Pollen sacs full. (A lucky shot with an iPhone)
For several days (when it’s not raining) the bees have appeared on the front of the hive. I think they’re waiting for a sunny day. “Be patient, little critters, good weather is coming soon.”
Posted in Bee to Flower relationship, Bee Video, Bee-loving flowers, Natural Beekeeping, Uncategorized | Tagged bee-loving flowers, Gardening, honey bees, Warre Hive, Wild pollinators | 8 Comments »
Feb. 5…We’re gone for two days and look what happens…Our 45 year old front yard tree decides to topple.
it yanked the post clean out of the ground.
Look at all those branches…I’m going to try out my new battery-powered pole saw.
I like this saw.
While I was looking over all the wind damaged trees, a City of Bandon ‘bucket’ truck drove by, turned around, and stopped. “Looks like you could use some help.” Kevin took care of the leaning eucalyptus tree while Mark started cutting the big one.
Thank you Mark and Kevin and the City of Bandon utility crew.
That left the bare straight part and the stump. I figured we could wait for the weekend, but my wife let it be known that it had to be removed ASAP. “The fence is open and Bailey (our old and very deaf dog) could get hit by a car.”
A rented log splitter did most of the work with the two of us wrestling the sawn rounds onto the splitting plate.
I love it when the splitter pops the ’round’ all the way through, but it doesn’t happen often enough.
Load after load gets carried away with our DR Power Wagon. It will carry 800 pounds (362 kg) of anything, but it’s fossil fueled. We want to replace it with a battery-powered version. If anyone has a suggestion, please comment. Cool hat, Sue.
That stump was stubborn, but no match for the two of us, even though we’re in our 70’s.
Carmen is going to miss her climbing tree.
Sue shows off the latest in log splitting gear.
…and her mighty stacks of firewood.
Posted in Uncategorized | Tagged City of Bandon, DR Power Wagon, Greenworks 40vt pole saw, Sustainable living | 16 Comments »
It might not be pretty…
…but it’s pretty effective. This is my Warré hive winter protection from high winds driving copious amounts of rain against my hive. Since October, we have gotten 66.5 inches of rainfall (1689 mm).
A look through the observation window in December shows lots of natural honey comb.
I think this bright yellow pollen is from the Hooker Willow which thrives in soggy wet soil along The Oregon Coast.
I’ve been somewhat afraid to write about my bees. They seem to be doing fine with my efforts to protect them, but I didn’t want to jinx them. This is the end of February. The Hooker Willow has started flowering and bees are returning with bright yellow pollen, so I think they will make it. Also the gorse (Ulex europeaus) is blooming as it always does in February. The video shows bees on both.
Posted in Bee Video, Bee-loving flowers, Natural Beekeeping, Sustainable living, Warre Hive | Tagged bee-loving flowers, beekeeping, bees on Oregon Coast, bumblebees, Canon SX-50, gorse, honey bees, natural beekeeping, Ulex europeaus, Warre Hive, winter protection | 13 Comments »
…and the bees love it too.
Want to grow spinach? We have been wildly unsuccessful in growing it, but guess what…steamed turnip greens taste just like spinach. It turns out they are very easy to grow and are good for you too. This was supposed to be a mixture of several cover crop seeds, Fava beans, Winter Rye, and Hairy Vetch included. It looks like the turnips took over. Uh, I might have broadcast them a little thick. My “solar-roller water pump panel” is positioned for the afternoon sun. Gotta keep the flow going. 🙂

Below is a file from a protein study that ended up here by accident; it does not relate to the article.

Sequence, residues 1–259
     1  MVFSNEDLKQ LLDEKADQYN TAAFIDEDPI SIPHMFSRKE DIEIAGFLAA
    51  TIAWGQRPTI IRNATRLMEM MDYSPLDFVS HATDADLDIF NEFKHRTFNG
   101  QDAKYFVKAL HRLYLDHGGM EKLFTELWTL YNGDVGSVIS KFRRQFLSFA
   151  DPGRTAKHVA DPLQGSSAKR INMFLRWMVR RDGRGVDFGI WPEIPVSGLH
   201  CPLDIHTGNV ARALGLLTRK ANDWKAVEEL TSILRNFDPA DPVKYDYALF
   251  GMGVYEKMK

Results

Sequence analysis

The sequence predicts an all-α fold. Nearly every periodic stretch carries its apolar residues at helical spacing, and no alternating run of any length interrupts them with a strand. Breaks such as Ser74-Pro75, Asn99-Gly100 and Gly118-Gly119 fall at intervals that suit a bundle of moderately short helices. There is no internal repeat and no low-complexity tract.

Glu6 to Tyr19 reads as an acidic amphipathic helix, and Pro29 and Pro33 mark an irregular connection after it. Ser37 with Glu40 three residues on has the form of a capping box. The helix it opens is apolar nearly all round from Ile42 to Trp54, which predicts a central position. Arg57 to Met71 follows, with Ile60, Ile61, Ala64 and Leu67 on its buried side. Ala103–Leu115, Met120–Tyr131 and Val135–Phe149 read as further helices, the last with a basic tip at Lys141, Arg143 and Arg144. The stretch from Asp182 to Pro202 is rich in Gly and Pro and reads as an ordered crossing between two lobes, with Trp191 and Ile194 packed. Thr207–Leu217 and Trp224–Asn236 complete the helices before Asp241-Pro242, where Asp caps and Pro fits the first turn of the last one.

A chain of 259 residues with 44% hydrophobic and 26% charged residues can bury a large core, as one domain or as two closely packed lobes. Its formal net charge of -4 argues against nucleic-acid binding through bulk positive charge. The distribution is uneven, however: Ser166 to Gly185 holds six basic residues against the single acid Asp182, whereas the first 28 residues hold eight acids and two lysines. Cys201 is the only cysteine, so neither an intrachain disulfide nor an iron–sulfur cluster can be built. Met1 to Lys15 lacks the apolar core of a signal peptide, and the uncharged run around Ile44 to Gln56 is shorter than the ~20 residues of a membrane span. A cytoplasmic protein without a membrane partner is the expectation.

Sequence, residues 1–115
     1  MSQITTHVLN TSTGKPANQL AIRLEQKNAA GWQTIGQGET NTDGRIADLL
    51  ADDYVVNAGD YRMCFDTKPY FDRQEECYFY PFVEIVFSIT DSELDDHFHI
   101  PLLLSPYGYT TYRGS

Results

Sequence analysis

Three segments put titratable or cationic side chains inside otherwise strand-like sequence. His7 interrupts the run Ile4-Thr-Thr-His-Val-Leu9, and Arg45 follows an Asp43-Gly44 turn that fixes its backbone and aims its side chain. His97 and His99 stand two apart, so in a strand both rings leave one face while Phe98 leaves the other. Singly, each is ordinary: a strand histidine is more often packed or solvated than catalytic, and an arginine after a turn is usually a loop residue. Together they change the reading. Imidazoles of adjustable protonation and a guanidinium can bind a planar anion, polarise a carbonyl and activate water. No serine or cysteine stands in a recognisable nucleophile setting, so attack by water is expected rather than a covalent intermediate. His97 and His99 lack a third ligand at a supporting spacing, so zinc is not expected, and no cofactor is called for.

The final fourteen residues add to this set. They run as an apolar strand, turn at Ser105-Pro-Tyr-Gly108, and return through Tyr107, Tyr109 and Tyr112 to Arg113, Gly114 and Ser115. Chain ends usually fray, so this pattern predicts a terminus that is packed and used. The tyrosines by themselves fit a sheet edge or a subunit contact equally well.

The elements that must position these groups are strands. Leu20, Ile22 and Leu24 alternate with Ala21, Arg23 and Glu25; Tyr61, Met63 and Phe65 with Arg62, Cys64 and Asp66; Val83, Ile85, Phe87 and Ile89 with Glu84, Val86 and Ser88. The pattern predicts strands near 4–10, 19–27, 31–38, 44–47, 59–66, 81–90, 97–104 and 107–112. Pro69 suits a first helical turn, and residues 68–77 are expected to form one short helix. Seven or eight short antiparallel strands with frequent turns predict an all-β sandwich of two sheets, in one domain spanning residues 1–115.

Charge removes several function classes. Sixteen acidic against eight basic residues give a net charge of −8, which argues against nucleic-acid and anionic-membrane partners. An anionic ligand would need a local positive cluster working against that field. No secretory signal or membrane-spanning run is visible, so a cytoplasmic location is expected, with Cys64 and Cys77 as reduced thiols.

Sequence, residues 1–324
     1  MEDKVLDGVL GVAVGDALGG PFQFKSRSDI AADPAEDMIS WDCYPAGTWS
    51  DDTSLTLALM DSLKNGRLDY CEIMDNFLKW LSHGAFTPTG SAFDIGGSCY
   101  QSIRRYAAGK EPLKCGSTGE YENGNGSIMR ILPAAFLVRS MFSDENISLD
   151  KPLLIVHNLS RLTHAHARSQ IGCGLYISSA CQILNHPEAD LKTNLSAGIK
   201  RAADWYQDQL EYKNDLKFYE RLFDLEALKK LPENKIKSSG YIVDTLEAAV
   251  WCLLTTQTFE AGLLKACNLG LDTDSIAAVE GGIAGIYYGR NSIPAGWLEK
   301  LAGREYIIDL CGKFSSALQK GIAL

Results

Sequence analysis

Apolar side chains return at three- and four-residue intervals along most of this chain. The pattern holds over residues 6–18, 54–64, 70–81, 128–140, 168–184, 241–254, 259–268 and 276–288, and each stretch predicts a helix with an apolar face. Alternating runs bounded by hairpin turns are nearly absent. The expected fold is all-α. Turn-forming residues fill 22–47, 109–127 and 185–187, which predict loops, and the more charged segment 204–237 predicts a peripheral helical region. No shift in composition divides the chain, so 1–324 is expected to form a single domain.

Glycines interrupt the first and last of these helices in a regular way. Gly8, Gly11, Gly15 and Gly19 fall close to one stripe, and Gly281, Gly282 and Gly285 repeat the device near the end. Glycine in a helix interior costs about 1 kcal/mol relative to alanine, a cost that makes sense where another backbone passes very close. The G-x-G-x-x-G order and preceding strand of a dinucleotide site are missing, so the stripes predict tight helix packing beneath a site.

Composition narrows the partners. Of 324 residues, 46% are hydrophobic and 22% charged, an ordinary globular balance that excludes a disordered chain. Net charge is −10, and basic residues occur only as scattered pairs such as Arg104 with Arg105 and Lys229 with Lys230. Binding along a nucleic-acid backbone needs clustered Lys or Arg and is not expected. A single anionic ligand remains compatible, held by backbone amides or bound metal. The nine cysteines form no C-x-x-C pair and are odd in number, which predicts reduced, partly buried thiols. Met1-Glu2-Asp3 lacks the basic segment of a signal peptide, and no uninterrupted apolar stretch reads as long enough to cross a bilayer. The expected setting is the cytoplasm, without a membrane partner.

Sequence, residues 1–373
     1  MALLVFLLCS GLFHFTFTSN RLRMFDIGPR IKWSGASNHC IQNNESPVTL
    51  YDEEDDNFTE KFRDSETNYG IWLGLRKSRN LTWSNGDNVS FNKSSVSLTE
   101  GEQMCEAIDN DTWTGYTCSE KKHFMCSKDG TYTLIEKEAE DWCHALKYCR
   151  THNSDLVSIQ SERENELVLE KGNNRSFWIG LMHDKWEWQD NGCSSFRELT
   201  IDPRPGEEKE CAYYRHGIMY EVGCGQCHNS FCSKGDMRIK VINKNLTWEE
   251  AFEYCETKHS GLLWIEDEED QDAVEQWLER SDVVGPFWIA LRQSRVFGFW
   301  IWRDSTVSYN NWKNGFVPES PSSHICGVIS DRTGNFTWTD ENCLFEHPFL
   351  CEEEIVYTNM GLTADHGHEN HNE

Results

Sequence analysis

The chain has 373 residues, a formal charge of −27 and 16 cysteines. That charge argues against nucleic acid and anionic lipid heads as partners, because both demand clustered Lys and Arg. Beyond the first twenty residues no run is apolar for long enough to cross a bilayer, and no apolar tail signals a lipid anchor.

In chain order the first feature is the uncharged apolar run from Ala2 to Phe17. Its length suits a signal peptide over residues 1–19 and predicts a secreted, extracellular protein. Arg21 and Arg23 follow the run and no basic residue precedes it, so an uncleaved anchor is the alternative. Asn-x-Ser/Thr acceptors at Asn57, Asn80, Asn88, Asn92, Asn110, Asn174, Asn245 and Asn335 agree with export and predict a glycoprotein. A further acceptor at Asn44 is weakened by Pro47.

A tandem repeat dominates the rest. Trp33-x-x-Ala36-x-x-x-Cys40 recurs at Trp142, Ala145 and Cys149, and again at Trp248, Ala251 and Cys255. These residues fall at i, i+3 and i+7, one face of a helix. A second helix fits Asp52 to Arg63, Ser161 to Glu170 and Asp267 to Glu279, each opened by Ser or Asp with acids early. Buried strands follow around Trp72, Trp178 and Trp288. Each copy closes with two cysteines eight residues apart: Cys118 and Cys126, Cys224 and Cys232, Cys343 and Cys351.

Turnip flowers in January provide nourishment for bees in the critical winter months.
October 8…This bed was planted August 1. Turnips grow fast. Plant them thick, then you can harvest the thinnings by steaming the greens. Leave a few to go to flowers in winter.
We’ve been getting three crops a year in our raised beds. This was lettuce last winter, then kale, now turnips. In between we bury crab shell when we can get it. This being October, that resource will soon be gone.
Oct. 10…My sweetheart made a delicious turnip soup for dinner this evening. These turnips were planted in early August. They grow fast!!!
Oct. 8…just in case we haven’t planted enough turnips, here is another bed started…complete with drip water grid.
Oct. 15…Turnips are up already. The shade cloth is to protect the little darlings from the hurricane force winds and 12-18 inches (300-450mm) of rain that was forecast…didn’t happen, at least, not yet.
Turnip soup recipe
Chop an onion, saute in olive oil, add 4 to 5 cups of peeled chopped turnips, two garlic cloves (peeled and cut in half), add two teaspoons of smoked paprika, and teaspoon of thyme leaves. Cook until lightly brown, add three cups of vegetable or chicken broth, salt to taste. Bring to boil and simmer until veggies are cooked. Blend in blender, return to pan, add a cup of milk, or milk alternative.
Posted in Bee to Flower relationship, Bee Video, Bee-loving flowers, Bumblebees, Gardening, Growing flowers for bees, Macro bee video, Natural Beekeeping, Videos | Tagged bee-loving flowers, beekeeping, bees on Oregon Coast, Gardening, Gardening tips, honey bees, natural beekeeping, raised beds, turnip soup recipe | 5 Comments »
The bees have been busy and so have we. Gerard Van Duinen of La Tabú (The Hague) graciously let us use his Tango music.
Posted in Bee Video, Bee-loving flowers, Bumblebees, Butterflies, Crab spider, Macro bee video, Music video, Warre Hive, Wasps | Tagged African Blue Basil, Bee Speckled dahlia, Bees in squash blossom, Bees on hypericum, Bees on Walker's Low, Bombus vosnesenskii, California Poppy pollination, crab spider, Gazania, Gerard Van Duinen, German Wasp, Greenworks garden cultivator, Honeycomb, La Tabú, Methley Plums, Mignon dahlia, Nepeta, Phacelia, Pole beans, Red Poppy bee, Salvia Nemarosa, Swallowtail butterfly, Verbascum, Vespula Germanica, Warré Bee hive, Winter lettuce | 7 Comments »